Highlights / Recommendeds / Avoidables (04/30/75)

Highlights in Wax
The Golliwogs/Pre-Creedence (Fan­tasy 9474); the remains of seven singles (’64­-’67) by the Golliwogs, later Creedence. We follow the American response to the British Invasion as the boys attempt to catch the sounds of the Beatles, the Zombies (detour to the Beau Brummels), Them (detour to the Shadows of Knight), and the Stones. Then they find their own sound, and the hesitant demo-feel of the first cuts turns tough. John takes over the singing from Tom, and with the original version of “Walking on the Water,” the band makes a claim on you. I enjoy this record a great deal, partly because it reminds me that rock ‘n’ roll does not have to be made by $100,000-a-year sessionmen. A must for fans of the best band in the history of the Bay Area; everyone else, of course, will claim that the group could never play, but that’s their problem…

City Recommends: That you check out page 31 of the May issue of Creem magazine for a picture of Olivia Newton-John that will knock your eyes out and possibly even make you change your mind about her music… Party Down (Cat Records 2604), a fine album by Little Beaver, the guitar wizard behind George McCrae’s “Rock Your Baby,” Betty Wright’s “Tonight Is the Night,” and other recent landmarks of Miami soul… Tuning in your AM radio for a taste of Freddy Fender’s current smash, “Until the Last [sic] Teardrop Falls”; there hasn’t been a song so brilliantly maudlin since “Love Me Tender,” or maybe it was “Sylvia’s Mother”…

Common Sense (Atlantic SD 18127) by John Prine. Disguised as the first rock ‘n’ roll bicentennial album, the songs are ambitious in conception, almost willfully slight in execu­tion, and badly overproduced. Common Sense suggests John Prine as Tom Paine, but the reality here is John Prine as a hip, intelli­gent, worldly-wise John Denver. Saddening, because Prine could have pulled this project off, as anyone who’s heard his wonderful “The Great Compromise” knows. (“I used to sleep at the foot of Old Glory/And awaken at dawn’s early light/But much to my surprise when I opened my eyes/I was the victim of the Great Compromise”—the only love song ever inspired by Henry Clay, I bet). You can find that on Prine’s Diamonds in the Rough (Atlantic SD 7240); if you want some music that does live up to the spirit of Tom Paine, get out your copy of John Wesley HardingThere’s One In Every Crowd (RSO 4806), by Eric Clapton. Exactly the same patterns as on Clapton’s Number One LP of last year, 461 Ocean Boulevard, but in every case, just a bit less inspired, a bit less pointed, and when the music is as close to sleepwalking as 461‘s was, that little bit makes all the difference. There are a few breathtakingly lovely moments in the song “Opposites,” but all in all, the dullest album I’ve heard in months… Unrequited (Columbia PC 33369), by Loudon Wain­wright III. Wainwright’s albums have never been easy to pin down, even for fans like myself, but in this case he’s done the job for me. Unrequited is just how I feel after listening to this record several times and finding myself unable to recall a single lyric, tune, or nuance…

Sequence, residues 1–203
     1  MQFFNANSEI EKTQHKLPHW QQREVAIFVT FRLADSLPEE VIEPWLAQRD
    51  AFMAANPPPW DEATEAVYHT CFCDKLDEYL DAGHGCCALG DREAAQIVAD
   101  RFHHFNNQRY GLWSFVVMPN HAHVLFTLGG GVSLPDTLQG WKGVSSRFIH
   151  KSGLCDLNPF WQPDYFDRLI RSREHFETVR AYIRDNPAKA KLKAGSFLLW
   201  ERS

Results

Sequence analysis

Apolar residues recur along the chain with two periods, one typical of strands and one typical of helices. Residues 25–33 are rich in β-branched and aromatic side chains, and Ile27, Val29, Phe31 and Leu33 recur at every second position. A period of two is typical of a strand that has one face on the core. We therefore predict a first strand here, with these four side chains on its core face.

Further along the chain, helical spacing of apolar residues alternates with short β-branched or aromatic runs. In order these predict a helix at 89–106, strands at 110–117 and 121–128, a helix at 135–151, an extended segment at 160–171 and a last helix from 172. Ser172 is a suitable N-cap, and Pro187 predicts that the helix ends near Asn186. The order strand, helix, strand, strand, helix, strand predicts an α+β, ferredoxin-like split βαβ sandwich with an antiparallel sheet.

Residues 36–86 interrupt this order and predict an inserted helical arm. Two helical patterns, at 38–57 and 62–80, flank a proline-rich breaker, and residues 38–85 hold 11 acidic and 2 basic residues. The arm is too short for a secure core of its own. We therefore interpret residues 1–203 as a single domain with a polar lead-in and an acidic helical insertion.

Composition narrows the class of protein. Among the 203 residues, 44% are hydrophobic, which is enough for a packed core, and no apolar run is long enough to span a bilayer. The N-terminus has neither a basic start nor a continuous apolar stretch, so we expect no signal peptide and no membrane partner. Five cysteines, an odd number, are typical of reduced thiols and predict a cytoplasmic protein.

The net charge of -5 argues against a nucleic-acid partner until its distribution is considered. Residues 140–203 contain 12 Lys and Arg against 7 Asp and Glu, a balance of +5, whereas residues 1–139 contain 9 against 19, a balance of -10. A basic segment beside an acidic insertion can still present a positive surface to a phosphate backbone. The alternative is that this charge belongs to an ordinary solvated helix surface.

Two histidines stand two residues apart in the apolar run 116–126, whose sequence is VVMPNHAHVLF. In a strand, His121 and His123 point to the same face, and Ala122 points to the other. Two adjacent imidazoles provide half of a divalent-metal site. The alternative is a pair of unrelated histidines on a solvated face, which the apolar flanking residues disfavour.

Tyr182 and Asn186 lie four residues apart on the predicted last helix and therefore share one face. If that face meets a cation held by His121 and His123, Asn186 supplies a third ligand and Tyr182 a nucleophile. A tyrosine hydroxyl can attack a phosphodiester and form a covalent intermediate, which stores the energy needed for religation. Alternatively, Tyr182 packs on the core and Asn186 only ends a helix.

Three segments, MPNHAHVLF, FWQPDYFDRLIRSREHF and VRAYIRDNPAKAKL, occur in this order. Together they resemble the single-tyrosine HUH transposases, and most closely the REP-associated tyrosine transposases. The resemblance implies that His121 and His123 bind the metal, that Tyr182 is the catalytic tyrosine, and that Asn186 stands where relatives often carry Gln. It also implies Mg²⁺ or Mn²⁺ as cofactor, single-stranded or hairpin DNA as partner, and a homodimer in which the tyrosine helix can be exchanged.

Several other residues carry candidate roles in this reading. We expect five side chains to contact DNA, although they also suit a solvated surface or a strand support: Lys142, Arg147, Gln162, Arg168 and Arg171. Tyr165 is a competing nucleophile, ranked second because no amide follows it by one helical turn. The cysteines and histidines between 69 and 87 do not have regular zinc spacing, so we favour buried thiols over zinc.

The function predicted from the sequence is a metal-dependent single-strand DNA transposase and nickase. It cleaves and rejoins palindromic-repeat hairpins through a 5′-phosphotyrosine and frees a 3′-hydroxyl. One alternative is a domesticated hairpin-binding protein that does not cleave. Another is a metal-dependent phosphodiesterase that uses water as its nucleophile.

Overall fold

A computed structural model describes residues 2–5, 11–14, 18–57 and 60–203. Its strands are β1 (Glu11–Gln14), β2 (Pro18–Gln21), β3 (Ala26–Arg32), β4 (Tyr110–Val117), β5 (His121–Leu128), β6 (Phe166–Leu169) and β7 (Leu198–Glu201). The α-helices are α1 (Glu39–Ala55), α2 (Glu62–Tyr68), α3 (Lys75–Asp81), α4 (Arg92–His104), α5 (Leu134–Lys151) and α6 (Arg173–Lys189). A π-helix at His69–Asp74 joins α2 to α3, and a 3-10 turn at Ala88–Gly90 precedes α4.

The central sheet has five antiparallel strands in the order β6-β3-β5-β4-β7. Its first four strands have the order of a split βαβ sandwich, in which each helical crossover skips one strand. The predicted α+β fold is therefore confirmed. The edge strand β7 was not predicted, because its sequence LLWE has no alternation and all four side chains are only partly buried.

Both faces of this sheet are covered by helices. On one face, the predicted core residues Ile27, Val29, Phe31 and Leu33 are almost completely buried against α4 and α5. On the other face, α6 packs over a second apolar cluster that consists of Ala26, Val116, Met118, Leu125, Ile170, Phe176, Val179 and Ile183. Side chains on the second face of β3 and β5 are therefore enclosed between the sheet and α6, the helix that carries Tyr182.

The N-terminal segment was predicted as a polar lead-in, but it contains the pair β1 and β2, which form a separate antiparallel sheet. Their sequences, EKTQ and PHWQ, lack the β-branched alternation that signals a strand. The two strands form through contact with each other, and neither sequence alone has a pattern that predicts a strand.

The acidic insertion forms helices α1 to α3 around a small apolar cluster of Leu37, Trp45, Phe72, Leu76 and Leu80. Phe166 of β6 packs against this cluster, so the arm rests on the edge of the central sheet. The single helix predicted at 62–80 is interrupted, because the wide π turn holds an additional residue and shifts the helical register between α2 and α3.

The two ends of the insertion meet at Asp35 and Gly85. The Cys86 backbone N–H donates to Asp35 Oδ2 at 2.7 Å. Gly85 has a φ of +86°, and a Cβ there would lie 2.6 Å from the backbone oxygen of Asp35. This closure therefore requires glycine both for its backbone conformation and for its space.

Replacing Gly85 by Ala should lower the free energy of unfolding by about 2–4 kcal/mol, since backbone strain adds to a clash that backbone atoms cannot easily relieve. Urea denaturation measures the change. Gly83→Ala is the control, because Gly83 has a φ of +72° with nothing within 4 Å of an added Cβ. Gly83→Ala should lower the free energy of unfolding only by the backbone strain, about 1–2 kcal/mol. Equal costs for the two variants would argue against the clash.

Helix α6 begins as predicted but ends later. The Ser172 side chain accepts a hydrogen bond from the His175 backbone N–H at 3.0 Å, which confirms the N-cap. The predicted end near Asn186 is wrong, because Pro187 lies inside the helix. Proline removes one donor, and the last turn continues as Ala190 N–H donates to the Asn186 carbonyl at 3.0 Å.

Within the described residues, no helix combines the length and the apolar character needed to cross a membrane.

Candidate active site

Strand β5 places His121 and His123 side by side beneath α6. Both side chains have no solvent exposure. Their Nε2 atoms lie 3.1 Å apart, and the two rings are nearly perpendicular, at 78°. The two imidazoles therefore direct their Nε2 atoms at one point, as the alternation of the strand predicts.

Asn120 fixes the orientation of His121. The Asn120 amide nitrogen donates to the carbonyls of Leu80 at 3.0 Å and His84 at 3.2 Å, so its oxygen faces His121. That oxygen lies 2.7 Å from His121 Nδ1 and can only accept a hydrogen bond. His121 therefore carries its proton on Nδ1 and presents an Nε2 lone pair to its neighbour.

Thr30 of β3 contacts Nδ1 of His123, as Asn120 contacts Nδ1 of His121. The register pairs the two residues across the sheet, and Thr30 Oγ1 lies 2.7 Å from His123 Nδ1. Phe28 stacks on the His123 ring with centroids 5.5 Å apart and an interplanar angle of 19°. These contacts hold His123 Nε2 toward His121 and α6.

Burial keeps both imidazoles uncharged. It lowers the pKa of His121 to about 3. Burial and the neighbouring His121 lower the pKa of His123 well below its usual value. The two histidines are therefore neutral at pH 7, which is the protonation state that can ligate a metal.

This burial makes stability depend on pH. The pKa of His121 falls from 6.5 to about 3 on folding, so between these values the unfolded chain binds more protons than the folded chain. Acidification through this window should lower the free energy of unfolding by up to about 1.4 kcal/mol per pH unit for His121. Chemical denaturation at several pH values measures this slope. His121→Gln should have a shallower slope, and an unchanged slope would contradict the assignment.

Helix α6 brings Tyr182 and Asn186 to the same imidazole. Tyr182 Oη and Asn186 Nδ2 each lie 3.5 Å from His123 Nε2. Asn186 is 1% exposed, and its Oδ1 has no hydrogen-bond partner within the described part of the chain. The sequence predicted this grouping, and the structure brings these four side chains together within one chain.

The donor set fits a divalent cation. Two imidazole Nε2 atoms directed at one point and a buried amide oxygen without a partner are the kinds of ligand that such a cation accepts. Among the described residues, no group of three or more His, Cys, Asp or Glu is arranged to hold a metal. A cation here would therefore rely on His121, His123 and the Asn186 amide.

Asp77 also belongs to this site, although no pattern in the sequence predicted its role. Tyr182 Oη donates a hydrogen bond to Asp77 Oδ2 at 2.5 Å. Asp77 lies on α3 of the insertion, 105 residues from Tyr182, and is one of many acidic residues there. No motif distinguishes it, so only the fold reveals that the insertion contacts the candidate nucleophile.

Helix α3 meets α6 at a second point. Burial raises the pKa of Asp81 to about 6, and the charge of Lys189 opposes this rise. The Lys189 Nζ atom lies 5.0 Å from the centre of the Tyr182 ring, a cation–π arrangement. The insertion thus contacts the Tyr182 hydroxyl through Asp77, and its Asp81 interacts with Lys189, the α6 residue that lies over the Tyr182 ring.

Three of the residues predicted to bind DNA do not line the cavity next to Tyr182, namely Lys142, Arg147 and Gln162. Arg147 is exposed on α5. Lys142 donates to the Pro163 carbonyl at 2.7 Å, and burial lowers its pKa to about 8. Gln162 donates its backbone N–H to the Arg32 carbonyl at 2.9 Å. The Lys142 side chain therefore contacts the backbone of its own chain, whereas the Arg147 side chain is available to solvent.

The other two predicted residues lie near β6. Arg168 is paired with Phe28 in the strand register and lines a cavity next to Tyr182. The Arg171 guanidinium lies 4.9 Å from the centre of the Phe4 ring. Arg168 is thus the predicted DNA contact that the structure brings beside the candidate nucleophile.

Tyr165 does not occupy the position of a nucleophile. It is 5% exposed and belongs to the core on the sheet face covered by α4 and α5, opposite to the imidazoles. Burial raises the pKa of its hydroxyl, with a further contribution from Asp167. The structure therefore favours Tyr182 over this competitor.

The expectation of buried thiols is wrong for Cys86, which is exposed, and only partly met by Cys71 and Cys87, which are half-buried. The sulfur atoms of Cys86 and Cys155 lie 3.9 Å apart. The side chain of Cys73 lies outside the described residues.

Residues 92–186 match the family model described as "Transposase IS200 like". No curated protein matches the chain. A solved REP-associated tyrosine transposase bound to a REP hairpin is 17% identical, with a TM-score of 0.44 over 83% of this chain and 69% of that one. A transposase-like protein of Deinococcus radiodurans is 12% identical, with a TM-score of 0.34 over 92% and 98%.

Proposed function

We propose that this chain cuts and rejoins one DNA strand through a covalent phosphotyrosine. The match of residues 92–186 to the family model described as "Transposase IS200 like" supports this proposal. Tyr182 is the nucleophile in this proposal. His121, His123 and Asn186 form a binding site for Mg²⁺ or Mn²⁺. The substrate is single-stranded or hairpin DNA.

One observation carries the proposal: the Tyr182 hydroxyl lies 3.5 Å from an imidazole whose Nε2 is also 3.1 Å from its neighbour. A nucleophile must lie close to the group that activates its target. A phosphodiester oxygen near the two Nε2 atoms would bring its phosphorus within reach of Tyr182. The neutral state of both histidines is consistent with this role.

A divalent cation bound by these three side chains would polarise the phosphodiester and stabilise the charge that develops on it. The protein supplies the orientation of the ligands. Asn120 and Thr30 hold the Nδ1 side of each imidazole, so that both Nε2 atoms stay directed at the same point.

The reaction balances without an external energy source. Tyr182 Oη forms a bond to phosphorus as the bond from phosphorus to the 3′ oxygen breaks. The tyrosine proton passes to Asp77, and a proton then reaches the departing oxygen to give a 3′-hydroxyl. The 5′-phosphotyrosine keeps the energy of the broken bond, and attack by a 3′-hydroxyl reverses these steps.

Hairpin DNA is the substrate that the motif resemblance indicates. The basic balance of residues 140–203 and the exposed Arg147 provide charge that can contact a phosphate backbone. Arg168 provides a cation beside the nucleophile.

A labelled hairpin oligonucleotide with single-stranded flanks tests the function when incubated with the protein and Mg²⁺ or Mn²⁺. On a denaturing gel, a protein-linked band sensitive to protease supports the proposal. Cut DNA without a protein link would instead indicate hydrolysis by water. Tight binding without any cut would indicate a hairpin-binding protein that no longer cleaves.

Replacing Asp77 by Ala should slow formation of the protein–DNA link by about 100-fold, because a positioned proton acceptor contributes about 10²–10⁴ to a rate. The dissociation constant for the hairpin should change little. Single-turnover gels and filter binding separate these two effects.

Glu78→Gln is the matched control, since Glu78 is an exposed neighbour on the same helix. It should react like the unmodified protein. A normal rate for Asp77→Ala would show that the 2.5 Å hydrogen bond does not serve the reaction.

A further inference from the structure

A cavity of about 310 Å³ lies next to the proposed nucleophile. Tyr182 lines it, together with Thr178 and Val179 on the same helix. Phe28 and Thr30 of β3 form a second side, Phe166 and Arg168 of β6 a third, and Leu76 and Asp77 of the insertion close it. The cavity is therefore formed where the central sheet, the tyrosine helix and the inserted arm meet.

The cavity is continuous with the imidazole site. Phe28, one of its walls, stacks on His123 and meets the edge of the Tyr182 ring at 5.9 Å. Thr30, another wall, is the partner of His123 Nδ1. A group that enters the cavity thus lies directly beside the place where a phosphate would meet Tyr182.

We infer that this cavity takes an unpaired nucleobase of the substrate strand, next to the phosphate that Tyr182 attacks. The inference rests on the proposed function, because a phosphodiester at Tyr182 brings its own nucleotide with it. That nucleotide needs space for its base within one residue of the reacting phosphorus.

City, April 30, 1975

One thought on “Highlights / Recommendeds / Avoidables (04/30/75)

  1. Pingback: CHASING OLIVIA… | The Round Place In The Middle

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